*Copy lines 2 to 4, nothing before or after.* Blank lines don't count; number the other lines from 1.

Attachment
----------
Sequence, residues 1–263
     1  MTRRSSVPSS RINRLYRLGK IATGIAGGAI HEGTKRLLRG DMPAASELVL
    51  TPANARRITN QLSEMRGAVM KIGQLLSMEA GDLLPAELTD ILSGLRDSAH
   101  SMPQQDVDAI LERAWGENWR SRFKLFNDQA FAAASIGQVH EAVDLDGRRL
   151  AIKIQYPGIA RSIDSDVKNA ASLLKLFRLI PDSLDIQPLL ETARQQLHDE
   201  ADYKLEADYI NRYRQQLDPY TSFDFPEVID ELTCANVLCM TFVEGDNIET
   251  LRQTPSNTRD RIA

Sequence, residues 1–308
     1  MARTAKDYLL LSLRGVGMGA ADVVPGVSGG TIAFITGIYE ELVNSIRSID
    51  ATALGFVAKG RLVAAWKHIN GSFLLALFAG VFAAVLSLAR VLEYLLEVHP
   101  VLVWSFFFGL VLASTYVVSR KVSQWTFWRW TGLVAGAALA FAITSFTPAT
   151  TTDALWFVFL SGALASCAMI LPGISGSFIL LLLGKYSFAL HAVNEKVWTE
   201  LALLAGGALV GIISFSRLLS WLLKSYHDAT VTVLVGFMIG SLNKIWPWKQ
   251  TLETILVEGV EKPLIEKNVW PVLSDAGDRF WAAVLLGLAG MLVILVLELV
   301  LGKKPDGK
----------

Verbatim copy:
     1  MTRRSSVPSS RINRLYRLGK IATGIAGGAI HEGTKRLLRG DMPAASELVL
    51  TPANARRITN QLSEMRGAVM KIGQLLSMEA GDLLPAELTD ILSGLRDSAH
   101  SMPQQDVDAI LERAWGENWR SRFKLFNDQA FAAASIGQVH EAVDLDGRRL